Jack Herbert’s review published on Letterboxd:
What's he building in there?
I'll tell you this,
It's not a playhouse for the children.
A smashingly good, intuitive, complex and astonishingly felt Rebecca Hall performance in service of a film that, for the first two thirds, takes seriously grief and pouring over and simply reckoning with who one's significant other was (or is dun dun dun), and is more engrossing as a marriage drama and peculiar and even surrealist mystery than a horror movie. I like the concept of a wife discovering her dead husband who she (thought) had a solid marriage discovering a lot more than she could have expected to be unsettling in a satisfying sense.
But the drama being more coherent or less self serious than the horror is far more amplified by the final third where it reveals its cards and it starts to make the movie make much less sense than at least where I thought it was going (and it raises more questions than it can hope to answer, not least of which because we don't get any sense earlier what their marriage was like - that it's told and not shown, not even a little montage like in Annihilation or something). It's a letdown, in the sense that you want it to go into an area that if it can't be dramatically intriguing anymore than is successfully terrifying past the surrealism, and it isnt.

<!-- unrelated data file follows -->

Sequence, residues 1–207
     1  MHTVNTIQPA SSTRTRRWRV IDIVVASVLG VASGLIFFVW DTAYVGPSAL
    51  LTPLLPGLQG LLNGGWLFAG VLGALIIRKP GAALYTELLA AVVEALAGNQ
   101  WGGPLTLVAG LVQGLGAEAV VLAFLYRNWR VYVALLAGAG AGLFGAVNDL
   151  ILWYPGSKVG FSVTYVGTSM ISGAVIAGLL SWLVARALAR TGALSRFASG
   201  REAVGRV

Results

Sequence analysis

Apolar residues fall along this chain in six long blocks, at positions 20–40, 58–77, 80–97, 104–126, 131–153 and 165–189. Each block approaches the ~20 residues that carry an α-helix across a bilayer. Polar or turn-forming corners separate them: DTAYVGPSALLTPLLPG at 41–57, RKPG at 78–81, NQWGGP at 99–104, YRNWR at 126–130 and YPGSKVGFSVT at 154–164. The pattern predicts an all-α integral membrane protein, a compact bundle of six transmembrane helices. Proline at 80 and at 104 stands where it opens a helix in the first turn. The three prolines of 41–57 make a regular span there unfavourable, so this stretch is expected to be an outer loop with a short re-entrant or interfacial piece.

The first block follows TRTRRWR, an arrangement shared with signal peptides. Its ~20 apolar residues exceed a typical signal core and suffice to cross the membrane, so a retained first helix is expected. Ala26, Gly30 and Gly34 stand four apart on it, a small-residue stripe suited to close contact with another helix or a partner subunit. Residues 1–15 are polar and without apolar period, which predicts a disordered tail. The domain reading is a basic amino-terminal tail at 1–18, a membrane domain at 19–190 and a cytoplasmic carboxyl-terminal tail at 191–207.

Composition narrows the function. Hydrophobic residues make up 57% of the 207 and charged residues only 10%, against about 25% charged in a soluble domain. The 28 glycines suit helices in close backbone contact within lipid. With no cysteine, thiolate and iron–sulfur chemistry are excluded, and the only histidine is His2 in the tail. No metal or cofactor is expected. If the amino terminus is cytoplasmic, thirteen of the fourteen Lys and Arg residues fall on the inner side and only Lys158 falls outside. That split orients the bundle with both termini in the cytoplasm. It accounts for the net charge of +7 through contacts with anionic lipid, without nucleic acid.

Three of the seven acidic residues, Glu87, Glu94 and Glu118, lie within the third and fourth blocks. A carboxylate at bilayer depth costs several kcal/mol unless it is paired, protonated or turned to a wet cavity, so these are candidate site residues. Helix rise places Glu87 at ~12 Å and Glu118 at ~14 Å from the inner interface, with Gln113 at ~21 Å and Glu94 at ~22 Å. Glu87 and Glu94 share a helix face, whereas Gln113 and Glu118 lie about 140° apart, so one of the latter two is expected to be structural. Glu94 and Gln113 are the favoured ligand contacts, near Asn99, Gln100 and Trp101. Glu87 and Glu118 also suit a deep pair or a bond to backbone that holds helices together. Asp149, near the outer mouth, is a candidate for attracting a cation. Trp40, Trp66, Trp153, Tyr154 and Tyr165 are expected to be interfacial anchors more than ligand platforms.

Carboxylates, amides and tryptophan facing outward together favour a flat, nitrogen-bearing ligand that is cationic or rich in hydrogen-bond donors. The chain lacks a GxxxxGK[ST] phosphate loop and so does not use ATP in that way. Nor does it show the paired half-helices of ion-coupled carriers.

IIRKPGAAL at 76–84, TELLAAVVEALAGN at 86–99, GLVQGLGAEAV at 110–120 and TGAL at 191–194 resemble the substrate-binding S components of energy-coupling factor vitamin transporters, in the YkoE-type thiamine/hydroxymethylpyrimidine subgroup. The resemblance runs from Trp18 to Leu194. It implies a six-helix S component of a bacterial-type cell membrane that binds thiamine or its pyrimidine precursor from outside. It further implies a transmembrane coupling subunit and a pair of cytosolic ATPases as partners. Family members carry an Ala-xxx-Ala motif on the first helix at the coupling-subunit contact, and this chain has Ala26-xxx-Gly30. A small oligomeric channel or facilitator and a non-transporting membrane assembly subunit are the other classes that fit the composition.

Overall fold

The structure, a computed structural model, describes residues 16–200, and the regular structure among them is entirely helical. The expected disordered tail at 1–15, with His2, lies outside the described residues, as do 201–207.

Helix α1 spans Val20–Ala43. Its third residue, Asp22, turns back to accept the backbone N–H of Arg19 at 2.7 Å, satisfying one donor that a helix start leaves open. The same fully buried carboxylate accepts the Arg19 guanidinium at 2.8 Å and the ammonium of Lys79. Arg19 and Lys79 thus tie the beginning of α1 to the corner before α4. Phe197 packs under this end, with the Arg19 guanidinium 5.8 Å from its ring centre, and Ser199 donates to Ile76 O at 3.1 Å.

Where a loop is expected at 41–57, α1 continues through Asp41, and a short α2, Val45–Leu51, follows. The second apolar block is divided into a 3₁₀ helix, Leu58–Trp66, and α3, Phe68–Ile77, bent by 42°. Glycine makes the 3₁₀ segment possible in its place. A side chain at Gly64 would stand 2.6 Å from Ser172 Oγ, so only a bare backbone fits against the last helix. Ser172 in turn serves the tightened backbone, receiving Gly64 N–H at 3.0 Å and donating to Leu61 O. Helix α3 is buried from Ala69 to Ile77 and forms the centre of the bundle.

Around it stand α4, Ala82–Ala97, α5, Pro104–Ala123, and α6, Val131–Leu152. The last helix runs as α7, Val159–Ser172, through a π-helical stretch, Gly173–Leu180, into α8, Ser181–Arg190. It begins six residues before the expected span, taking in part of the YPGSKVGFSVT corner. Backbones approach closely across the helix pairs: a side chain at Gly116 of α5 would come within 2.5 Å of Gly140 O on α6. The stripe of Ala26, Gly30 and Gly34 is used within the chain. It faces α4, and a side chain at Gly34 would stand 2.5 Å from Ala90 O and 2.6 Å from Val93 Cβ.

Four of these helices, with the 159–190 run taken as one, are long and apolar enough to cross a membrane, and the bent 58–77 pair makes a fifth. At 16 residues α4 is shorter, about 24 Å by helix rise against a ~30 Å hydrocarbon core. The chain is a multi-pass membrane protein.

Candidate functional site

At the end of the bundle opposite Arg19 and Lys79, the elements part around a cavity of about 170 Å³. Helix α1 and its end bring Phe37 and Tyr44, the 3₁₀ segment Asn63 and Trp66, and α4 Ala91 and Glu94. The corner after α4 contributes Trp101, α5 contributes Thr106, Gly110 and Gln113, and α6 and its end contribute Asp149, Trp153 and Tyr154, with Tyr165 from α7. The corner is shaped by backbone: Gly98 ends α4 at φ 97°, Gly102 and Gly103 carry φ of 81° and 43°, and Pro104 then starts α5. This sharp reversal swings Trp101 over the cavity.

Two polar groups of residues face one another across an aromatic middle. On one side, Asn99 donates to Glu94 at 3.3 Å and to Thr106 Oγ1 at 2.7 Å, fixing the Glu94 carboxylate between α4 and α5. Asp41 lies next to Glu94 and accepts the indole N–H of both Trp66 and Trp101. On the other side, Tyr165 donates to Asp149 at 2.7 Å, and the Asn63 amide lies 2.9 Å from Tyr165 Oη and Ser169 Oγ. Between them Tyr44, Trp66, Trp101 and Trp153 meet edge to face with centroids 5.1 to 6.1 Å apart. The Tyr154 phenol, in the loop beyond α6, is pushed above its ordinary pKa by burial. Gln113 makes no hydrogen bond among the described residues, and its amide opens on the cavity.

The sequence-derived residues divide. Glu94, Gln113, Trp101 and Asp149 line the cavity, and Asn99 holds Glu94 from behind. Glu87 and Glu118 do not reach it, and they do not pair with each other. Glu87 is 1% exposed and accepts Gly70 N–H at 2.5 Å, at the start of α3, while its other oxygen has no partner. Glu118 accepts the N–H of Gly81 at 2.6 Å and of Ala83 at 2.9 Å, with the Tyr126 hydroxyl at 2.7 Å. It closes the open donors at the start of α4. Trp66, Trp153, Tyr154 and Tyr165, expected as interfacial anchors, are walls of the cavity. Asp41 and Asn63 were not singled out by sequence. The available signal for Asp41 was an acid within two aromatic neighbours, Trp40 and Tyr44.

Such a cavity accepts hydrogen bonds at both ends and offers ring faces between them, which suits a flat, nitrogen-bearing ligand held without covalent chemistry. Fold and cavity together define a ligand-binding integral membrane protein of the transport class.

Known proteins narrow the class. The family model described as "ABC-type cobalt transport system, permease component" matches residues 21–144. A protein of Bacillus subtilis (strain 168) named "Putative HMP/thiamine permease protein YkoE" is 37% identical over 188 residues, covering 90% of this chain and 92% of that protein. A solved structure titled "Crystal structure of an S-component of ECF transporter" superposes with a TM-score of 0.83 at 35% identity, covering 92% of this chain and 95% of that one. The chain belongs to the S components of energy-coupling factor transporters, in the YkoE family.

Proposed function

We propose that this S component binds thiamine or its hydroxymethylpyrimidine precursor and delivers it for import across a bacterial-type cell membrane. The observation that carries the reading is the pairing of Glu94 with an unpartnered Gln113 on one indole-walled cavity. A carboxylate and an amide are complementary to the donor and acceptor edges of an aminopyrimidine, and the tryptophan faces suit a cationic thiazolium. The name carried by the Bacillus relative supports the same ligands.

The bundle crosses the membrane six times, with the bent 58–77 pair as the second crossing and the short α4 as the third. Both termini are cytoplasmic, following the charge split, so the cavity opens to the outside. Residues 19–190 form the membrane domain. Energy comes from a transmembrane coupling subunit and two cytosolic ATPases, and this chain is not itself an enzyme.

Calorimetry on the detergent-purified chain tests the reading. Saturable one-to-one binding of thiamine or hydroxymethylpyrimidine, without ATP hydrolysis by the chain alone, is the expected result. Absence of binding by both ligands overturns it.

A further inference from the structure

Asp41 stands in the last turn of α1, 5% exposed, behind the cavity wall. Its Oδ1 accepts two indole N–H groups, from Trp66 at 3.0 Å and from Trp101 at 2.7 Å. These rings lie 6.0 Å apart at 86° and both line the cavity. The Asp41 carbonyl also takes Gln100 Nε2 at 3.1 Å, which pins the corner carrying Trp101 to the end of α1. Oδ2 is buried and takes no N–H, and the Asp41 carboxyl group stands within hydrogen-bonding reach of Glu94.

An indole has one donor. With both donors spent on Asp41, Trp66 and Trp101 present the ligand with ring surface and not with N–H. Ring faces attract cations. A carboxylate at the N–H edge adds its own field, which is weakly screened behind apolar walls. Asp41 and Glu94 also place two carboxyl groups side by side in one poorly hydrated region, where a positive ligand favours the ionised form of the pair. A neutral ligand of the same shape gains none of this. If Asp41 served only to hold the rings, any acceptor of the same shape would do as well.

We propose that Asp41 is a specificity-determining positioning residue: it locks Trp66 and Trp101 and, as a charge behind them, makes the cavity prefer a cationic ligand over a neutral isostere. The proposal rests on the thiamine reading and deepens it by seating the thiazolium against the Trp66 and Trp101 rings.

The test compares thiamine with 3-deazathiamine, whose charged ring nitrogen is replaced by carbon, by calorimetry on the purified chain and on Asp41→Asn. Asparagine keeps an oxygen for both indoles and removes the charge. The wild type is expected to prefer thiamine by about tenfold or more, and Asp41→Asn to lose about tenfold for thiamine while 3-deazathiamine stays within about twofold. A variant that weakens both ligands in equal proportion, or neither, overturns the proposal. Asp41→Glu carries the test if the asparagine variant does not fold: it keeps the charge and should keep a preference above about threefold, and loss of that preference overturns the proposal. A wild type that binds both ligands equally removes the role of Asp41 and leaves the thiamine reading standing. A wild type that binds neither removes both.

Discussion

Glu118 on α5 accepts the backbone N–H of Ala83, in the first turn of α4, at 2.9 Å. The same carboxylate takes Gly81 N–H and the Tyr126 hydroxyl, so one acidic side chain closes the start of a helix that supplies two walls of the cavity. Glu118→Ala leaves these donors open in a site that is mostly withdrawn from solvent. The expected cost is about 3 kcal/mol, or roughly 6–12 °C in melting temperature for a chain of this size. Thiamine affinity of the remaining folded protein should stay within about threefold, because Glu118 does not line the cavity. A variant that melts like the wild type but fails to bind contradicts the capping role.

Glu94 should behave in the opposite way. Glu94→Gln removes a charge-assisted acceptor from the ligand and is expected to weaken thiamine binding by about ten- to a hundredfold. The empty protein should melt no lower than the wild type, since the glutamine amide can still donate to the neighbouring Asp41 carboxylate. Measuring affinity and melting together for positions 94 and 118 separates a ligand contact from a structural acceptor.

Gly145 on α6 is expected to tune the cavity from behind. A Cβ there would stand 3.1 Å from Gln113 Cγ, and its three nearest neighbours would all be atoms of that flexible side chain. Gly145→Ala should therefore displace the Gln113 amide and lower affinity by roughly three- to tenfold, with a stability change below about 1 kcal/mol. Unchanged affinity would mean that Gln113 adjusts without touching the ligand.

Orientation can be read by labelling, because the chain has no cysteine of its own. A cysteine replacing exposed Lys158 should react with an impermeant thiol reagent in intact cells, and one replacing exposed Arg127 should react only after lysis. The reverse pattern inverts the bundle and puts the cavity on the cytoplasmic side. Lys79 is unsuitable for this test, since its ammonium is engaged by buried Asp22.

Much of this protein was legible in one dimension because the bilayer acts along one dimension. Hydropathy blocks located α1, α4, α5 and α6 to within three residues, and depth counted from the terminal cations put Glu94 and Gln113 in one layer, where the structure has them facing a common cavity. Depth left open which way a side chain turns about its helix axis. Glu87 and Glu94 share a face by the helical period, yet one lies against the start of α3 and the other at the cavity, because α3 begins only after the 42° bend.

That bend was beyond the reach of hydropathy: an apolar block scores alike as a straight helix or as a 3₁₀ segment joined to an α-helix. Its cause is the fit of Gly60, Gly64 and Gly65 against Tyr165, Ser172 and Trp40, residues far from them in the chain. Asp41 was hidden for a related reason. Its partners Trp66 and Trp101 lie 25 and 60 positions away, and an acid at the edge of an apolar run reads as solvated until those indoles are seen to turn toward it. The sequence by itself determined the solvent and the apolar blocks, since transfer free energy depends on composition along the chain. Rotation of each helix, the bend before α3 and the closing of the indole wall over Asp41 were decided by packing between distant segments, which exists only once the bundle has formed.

I'm still glad a screenplay that was just written and got lit and produced and released by a studio on many screens is happening. Maybe next time though I shouldn't take for granted when one of those producers is David S Goyer (latter day Goyer I mean, I know he has some excellent work). I'll pay it one more compliment: this admirably aspires to a certain sort of psychosomatic emotional terror that Ingmar Bergman was after in his late 1960s films (ie Shame, Hour of the Wolf, Persona of course with its emphasis on Doubles), it just couldn't quite work out the logistics of the script it makes for itself.